Few years back Telone Once introduced a cool CDMA service, which allowed subscribers to carry their landline numbers in their pocket, was that not really innovative> Unfortunately it had its own limitations like geographical issues but I still think carrying your landline I one cool functionality which they allowed to die.
If mobility is really a preference for most Zimbabwean subscribers then they should have highly priorotised the technology or even now carry over the same subscribers over VoIP.
Tell me the new TelOne VoIP numbers and I will clap hands for them. They have the infrastrure, they had the technology they had the subscribers and today they are waiting for all the other players make inroads then fight on afterwards.
If you noticed recently, TelOne has stopped calling itself a fixed operator, they want the converged term better but are they really converged and aggressive to be heard. Besides the wifi hotspots what other IP based services do you know them for?
TelOne Customer service and support should know that they need to move from a parastatal mediocre way of doing things. When I call enquiring for a service or support it simply means I want to do business with you and I still want to maintain a relationship with you so please treat me like you care!
It does not hurt to call me later on to ask how far I have gone with my enquiery or complain and please stop billing your clients for maintaining a dead line, if its not being used it should not cost anyone lest you encourage me to dump you completely, that’s an old system which frightens your clients and day by day subscribers are going.
ADSL is fast internet, it gets me online to do whatever I want to. The rude fact is most Zimbabweans who are not tech savvy really don’t care whether you connect them by air sea or copper, just give them something that is fast enough and they will give you the money.
While heavy users may demand streaming capabilities and heavy download tiers, not all clients are equal but who the hell needs those slow pckges in the first plce, keep fst nd simple and those landline copper cables will soon be busy.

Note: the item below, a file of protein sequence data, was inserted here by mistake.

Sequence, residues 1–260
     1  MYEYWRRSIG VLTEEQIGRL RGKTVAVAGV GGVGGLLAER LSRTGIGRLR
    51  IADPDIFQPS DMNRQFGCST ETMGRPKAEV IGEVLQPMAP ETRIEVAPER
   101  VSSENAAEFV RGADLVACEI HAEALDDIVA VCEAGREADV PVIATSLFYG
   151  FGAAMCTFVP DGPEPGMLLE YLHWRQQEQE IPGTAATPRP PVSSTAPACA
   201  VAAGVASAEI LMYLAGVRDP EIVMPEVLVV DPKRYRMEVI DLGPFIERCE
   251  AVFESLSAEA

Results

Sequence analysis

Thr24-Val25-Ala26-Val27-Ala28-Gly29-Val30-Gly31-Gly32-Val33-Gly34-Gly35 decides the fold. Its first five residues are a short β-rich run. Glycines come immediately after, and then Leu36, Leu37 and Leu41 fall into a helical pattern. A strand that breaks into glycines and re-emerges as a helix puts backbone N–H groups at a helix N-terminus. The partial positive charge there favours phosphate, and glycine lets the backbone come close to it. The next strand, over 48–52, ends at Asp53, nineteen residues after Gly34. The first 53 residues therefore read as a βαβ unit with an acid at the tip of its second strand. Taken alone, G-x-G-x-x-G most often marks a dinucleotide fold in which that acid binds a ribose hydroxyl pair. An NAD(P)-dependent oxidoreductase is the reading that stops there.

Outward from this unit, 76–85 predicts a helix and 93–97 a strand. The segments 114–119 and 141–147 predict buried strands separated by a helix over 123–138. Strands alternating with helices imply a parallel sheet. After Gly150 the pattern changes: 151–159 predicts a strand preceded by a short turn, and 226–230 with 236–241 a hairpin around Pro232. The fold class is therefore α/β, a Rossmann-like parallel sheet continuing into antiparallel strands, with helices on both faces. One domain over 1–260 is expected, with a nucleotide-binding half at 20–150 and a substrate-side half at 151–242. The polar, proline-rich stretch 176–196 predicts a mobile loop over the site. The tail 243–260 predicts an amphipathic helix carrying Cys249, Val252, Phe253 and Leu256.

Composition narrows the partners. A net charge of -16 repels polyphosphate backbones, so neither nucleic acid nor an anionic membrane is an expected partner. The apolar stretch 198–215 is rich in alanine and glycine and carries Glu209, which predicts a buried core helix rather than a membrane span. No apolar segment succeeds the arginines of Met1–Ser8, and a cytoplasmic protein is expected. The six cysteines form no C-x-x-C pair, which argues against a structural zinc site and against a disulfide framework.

If I was once a TelOne client I surely do not see any reason why they should allow me to leave their Platform, Telone has allowed thousands to pack up and they are now hunting for new clients. Remember they used to be the sole fixed telecommunications provider and allowed everyone they had and those they never had to look for plan B.
What if they would bundle up their products all in one cool and affordable neatly packaged, we all have one rule, if its not broken don’t fix it, if its working why dump it?
Telone has got fibre optics, the last news we shared they were running the lines along the highway and last I expected them is to run in my back yard, are they done with highways yet for local and metro connectivity, do we need everyone digging or you can make arrangements to carry clients from some residential and industrial areas then link them to your last mile.
If I had Vsat , I would know that one day like the urban areas all rural schools and communities are soon going to be connected, every rural or missionary school today would say yes to Vsat satellites and internet connectity so the uestion how much of this market has Zimbabwean players knocked for, how many students fees does it take an instituions to run or maintain a Vsat satellite
Perception is everything
When I hear the name TelOne what do I think of, fast, efficient, reliable and professional service? Or may be I see some government employees who do not even care about delivering a service whether or not it works, or whether they make a profit or loss, Perception is everything and after changing the colours they should change the perception I had about them years ago
TelOne has a serious potential and are still lying on a gold mine which will soon depreciate, if they don’t know how to tap into it.
They can not be allowed to continue losing subscribers at this rate be it ADSL, Landline even the data based ones, a new plan should be rolled out urgently and im happy they announced the internal restructuring, but more is needed